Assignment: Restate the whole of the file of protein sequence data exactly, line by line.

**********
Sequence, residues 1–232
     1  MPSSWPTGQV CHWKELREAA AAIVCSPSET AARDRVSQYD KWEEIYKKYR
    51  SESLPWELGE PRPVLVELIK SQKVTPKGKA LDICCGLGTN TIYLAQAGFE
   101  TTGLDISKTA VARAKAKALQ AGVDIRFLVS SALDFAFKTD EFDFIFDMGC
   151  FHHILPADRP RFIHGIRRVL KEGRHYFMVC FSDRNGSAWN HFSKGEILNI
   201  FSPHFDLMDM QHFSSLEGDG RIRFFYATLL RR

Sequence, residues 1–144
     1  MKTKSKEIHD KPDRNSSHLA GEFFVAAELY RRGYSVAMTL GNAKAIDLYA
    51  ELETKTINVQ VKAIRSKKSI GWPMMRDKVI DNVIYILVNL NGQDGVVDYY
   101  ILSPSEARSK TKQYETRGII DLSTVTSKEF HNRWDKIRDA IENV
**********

Sequence, residues 1–232
     1  MPSSWPTGQV CHWKELREAA AAIVCSPSET AARDRVSQYD KWEEIYKKYR
    51  SESLPWELGE PRPVLVELIK SQKVTPKGKA LDICCGLGTN TIYLAQAGFE
   101  TTGLDISKTA VARAKAKALQ AGVDIRFLVS SALDFAFKTD EFDFIFDMGC
   151  FHHILPADRP RFIHGIRRVL KEGRHYFMVC FSDRNGSAWN HFSKGEILNI
   201  FSPHFDLMDM QHFSSLEGDG RIRFFYATLL RR

Sequence, residues 1–144
     1  MKTKSKEIHD KPDRNSSHLA GEFFVAAELY RRGYSVAMTL GNAKAIDLYA
    51  ELETKTINVQ VKAIRSKKSI GWPMMRDKVI DNVIYILVNL NGQDGVVDYY
   101  ILSPSEARSK TKQYETRGII DLSTVTSKEF HNRWDKIRDA IENV